The Kirksville Daily Express, Kirksville Missouri, 14 December 1912 p 1 col 5
Dr. James Hanks, of Brashear, dropped dead at his home there this afternoon after a stroke of apoplexy aged 52 years. Dr. Hanks was apparently in the best of health this morning and drove out in the country to see a patient. He returned about noon put up his horse in the barn, and sustained the stroke immediately after he entered the house. Mrs. Hanks and the children living at home were not in the house at the time and his death was not discovered until their return, according to word received this afternoon. Dr. Hanks was brought up in the Locust Hill neighborhood and had been practicing medicine in Adair County for 20 years. Besides his wife, he leaves four children, Paul, Ralph , Jean and Horace Hanks.
The Kirksville Weekly Graphic, Kirksville Missouri, 20 Dec 1912 p 5 col 1
Dr. James Hanks, a prominent physician, died suddenly at his home in Brashear Saturday afternoon from apoplexy. He had been out to see a patient in the morning, and it was noticed that he acted queerly, but no serious thought was given the matter and his sudden death was a shock to the community. He was a graduate of Bellevue Hospital Medical College of New York City, taking his degree in 1890. One year later he was married to Miss Hopkins. At the time of his death he was a member of the Adair county and North Missouri Medical Association. The funeral took place from the Christian Church in Brashear Sunday afternoon. The funeral service at the church was conducted by Rev. J. M. Harris, after which the Masons took charge of the remains and laid them to rest with Masonic honors.
The Kirksville Journal, Kirksville Missouri, 19 Dec 1912 p 1 col 3
Dr. James Hanks of Brashear, Succumbs to Attack of Heart Failure
Dr. James Hanks who has been a resident of Brashear for over twenty-five years and a practicing physician for over twenty years, died very suddenly at his home in that city, of apoplexy, last Saturday afternoon. Dr. Hanks had been called to the home of Elza Patterson, two miles northeast of Brashear to attend Mrs. Patterson, who is a daughter of Judge D. H. Crawford. Judge Crawford and other who were at the Patterson home noticed that Dr. Hanks was laboring under difficulties, his face and neck being swollen and very red. They insisted that he lay down and that another physician be called. But Dr. Hanks went on and waited on the patient. In the meantime however, Dr. Barnes of Brashear had been called. When he arrived at the Patterson he announced that Dr. Hanks was a very sick man. But Dr. Hanks drove his team home, unhitched and put it in the barn, went to the house, answered a telephone call, telling a patient that he would be there shortly, turned from the telephone, and-the end came-the end came to a busy life-a life that was full of kindly deeds, of splendid professional service, and of everything that goes to make up true manhood.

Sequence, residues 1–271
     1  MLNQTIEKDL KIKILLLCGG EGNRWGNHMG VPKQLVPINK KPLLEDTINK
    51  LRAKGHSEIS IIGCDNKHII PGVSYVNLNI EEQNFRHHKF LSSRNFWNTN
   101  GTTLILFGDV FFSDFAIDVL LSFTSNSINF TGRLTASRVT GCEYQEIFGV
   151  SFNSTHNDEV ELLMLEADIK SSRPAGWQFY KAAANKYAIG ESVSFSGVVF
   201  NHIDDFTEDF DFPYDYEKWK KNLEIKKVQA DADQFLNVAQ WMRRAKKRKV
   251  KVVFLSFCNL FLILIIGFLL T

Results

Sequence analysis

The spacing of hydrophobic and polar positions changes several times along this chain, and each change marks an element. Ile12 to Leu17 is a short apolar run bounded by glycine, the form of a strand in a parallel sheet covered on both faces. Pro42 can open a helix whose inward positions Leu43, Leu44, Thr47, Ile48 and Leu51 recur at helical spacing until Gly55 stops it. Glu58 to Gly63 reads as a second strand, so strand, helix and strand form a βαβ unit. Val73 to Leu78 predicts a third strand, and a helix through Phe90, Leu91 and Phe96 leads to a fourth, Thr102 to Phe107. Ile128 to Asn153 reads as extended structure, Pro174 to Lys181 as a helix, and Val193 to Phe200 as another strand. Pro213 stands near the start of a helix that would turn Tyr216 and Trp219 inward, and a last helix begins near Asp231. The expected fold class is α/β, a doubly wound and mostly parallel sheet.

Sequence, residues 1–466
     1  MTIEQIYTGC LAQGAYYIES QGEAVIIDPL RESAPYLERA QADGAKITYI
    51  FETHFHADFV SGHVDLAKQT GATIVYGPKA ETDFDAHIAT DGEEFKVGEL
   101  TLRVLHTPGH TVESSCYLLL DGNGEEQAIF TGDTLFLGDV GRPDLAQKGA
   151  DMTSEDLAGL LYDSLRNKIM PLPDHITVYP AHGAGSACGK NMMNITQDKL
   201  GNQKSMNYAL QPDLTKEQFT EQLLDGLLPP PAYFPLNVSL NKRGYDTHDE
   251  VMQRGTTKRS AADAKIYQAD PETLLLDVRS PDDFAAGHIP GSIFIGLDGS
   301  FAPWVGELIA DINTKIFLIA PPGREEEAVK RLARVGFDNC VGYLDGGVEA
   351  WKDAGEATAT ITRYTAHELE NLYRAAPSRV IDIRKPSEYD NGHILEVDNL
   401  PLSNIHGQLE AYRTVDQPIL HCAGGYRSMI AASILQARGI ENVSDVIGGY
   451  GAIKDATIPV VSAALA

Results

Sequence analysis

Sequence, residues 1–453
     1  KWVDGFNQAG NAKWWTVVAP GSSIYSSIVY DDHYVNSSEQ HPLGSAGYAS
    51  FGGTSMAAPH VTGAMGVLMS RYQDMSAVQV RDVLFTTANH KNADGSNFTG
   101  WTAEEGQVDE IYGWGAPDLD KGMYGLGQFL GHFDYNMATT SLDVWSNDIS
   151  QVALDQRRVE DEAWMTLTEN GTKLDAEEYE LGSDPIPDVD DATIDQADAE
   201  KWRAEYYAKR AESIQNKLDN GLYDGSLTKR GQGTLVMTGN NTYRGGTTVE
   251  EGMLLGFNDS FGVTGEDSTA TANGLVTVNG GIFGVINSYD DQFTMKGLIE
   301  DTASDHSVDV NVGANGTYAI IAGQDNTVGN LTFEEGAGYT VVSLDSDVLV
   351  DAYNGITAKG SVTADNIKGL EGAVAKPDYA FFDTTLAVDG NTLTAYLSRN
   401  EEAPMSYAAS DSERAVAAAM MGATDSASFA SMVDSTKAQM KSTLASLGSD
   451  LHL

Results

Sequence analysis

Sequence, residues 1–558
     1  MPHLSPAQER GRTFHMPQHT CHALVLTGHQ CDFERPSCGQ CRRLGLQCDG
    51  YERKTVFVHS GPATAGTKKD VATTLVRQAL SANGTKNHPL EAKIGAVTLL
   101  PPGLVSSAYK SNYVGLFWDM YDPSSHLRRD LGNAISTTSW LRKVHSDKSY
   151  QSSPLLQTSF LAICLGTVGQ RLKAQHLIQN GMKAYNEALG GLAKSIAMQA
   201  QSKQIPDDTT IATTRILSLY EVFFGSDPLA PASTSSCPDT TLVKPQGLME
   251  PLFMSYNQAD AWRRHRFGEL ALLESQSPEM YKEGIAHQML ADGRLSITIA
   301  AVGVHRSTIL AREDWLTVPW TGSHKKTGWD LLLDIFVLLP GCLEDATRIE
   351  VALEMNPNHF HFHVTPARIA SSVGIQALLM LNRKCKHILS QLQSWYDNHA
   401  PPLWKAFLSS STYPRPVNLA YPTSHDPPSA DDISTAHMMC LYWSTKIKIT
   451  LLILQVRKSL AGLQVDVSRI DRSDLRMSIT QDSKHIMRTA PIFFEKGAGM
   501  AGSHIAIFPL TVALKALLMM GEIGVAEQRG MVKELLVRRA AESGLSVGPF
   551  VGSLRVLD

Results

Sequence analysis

Dr. Hanks was born in Adair County, Feb. 6, 1860; moved with his parents to Locust Hill, Knox County, where he grew to young manhood. He attended the Brashear Academy about 1884-5, then later he taught in the same school. He studied medicine under Dr. S. L. Ellis in Brashear and graduated from the Bellevue Hospital Medical College in 1890. He also done [sic] post granduate work in New Orleans and Cincinnati. Dr. Hanks was one of the best read M. D.'s in this state, and had a finely equipped office. He also had the B. S. degree from Oaklawn College, Novelty, Mo. He was a member of the Christian Church of the Adair County Medical Association, and the Masonic Order. He was been a member of the board of education, the board of trustees of Brashear, and had held other positions of trust.
He was former president of the Adair County and North Missouri Medical Societies and at his death was a member of the Judicial Council of the Missouri State Medical Association from the Sixth District. On May 14, 1891 Dr. Hanks was united in marriage to Miss Estella Hopkins, daughter of the late Dr. W. R. Hopkins, the pioneer physician in Brashear. They have four children. Mrs. Hanks and the three oldest children have been living at 803 South Franklin Street in this city, since school began last fall, and the youngest a son about 10, has been at home with his father and grandmother in Brashear. It is the intention of the mother to still reside here and keep the children in school.
The funeral was held at the Christian Church in Brashear Sunday afternoon, and was conducted by Rev. Harris. The ceremonies at the grave being conducted by the Masons. The large crowd of sympathizing friends and neighbors in attendance was a testimony of the worth and esteem of the deceased.